Born at Conway (christened there 18 January 1556/7), third son of Hugh Gwyn Holland - see Holland families (1). He matriculated from Clare College, Cambridge, at Easter 1577, graduated from Magdalene in 1577/1578, and proceeded M.A. from Jesus in 1581. On 15 January 1580/1 he was ordained deacon (on a title from his father) at Bangor; he was priested at Ely in April 1580, and licensed curate of Weston Colville; he was also schoolmaster at Dullingham, near Newmarket. His preferments in Wales are not easy to date with confidence (parish records are lacking), but both Stephen Hughes (in 1677) and Moses Williams make him parson of Llanddowror - this, presumably, would be before 1595. Again, though the list of Pembrokeshire parsons in West Wales Records contains not a single reference to Holland, Foster 's Index of parish clergy (based on P.R.O. records) says that he was instituted at Prendergast 6 November 1591 (West Wales Records has another rector there in 1608), at Walwyn's Castle 5 March 1607/8, and in addition at Robeston West in 1612. He would seem to have died in 1622 - Foster has another incumbent at Robeston in 1622, and West Wales Records has another at Walwyn's Castle on 15 November 1622. Holland had married Joan Meyler of Haverfordwest, and founded the Holland family of Walwyn's Castle; William Holland was a descendant of his.
Holland published at least six books: (1) The Holie Historie of our Lord (etc.), 1592, a metrical paraphrase of the Gospel narrative; (2) Dau Gymro yn taring yn bell o'u gwlad, a dialogue against soothsayers and conjurers, conjecturally dated c. 1595, but known only from the reprint by Stephen Hughes at the end of his edition of Canwyll y Cymru, 1681; (3) a translation of the Exposition of the Lord's Prayer by William Perkins (see in D.N.B.), entered (with no title) at Stationers Hall 25 June 1599 - again no copy is known earlier than Stephen Hughes's revised reissue (1677) under the title Agoriad byrr ar Weddi'r Arglwydd, in his Cyfarwydd-deb i'r Anghyfarwydd; (4) a book called Darmerth, neu Arlwy i Weddi, recorded by Moses Williams in 1717 as Holland's work, published at Oxford in 1600 - the view that this was identical with (3) is not now accepted; (5) a translation of Perkins's catechism The Foundation of Xtian Religion, also reissued, 1672, by Stephen Hughes (as Catechism Mr. Perkins) - he says that Holland translated it 'some 70 years' before; (6) Basilikon Doron, 1604, a translation of king James's work made with the assistance of George Owen Harry - this was intended to be the first part of a book including also Harry's Genealogy of the High and Mighty Prince (etc.), but Harry published that independently, in the same year.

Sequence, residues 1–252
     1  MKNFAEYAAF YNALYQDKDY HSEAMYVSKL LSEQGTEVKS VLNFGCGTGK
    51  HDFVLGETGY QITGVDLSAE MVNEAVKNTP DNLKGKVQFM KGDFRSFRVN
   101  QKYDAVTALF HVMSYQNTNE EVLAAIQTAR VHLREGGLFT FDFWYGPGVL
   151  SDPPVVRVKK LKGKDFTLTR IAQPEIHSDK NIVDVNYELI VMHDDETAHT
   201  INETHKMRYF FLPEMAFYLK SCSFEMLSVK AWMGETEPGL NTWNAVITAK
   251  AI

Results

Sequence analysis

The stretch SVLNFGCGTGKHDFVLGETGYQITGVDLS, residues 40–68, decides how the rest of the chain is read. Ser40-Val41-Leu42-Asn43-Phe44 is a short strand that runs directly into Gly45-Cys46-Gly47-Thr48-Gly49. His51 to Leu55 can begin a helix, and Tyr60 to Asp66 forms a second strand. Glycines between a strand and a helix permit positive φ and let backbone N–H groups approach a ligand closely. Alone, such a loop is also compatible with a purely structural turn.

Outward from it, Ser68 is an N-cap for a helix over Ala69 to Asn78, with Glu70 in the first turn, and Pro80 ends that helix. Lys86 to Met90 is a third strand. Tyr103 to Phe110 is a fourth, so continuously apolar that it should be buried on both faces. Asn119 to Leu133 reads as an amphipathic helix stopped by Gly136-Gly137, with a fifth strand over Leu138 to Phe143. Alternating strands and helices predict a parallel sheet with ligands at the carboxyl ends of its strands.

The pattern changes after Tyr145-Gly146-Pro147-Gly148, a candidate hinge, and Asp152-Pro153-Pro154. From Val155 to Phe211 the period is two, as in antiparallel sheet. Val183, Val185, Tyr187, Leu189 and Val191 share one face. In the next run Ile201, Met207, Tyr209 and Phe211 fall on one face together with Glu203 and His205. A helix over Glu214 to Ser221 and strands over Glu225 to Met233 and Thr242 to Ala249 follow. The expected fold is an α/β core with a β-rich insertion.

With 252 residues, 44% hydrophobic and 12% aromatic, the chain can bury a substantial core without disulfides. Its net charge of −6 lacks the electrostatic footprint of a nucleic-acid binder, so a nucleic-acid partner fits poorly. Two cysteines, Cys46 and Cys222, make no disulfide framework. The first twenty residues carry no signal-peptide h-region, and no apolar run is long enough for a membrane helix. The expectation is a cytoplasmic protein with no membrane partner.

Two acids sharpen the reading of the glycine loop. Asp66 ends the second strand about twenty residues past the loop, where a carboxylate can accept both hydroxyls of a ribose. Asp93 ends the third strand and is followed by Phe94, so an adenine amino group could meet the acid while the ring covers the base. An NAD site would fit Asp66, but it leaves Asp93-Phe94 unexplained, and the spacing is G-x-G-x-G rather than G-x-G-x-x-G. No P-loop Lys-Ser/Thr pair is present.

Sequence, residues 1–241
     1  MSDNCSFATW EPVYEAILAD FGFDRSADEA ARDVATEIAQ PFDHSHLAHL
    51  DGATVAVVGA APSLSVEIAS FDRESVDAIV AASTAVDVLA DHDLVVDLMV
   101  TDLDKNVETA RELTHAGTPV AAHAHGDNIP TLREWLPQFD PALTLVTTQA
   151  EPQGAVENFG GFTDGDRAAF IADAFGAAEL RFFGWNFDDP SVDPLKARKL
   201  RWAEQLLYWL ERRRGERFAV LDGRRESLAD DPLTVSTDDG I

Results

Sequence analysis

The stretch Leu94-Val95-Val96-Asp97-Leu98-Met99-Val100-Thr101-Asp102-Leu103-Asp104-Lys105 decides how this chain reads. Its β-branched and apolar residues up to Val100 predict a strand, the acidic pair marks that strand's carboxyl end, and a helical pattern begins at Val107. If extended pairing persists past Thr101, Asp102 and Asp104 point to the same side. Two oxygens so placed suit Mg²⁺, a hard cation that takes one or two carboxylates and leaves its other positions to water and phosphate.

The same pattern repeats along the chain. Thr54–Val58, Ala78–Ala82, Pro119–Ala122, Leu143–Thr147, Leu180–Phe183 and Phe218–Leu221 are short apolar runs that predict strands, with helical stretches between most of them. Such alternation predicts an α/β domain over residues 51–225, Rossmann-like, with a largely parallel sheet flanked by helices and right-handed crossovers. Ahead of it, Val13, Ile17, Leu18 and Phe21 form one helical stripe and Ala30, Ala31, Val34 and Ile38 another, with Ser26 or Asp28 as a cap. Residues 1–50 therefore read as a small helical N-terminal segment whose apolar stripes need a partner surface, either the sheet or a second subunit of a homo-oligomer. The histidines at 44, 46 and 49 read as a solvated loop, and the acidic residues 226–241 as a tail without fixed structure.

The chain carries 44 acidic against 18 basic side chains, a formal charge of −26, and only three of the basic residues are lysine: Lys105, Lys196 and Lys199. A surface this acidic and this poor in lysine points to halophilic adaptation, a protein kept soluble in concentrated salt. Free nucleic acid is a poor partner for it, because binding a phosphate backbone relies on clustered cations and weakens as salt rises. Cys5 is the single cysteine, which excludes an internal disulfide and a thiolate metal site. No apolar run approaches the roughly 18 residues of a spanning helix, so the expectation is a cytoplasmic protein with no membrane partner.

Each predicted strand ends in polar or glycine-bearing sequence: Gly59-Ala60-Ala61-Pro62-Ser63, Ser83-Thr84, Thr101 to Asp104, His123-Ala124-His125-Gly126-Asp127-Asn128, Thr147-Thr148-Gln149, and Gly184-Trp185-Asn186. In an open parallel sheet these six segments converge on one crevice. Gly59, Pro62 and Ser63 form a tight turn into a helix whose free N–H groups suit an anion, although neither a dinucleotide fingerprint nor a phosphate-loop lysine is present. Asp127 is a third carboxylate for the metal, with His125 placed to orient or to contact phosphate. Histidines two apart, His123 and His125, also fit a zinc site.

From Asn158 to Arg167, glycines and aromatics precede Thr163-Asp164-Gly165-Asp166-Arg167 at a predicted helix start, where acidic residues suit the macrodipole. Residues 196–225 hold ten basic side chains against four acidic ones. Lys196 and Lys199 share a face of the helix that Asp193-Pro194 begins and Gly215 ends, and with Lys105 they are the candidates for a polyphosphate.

Published date: 1959
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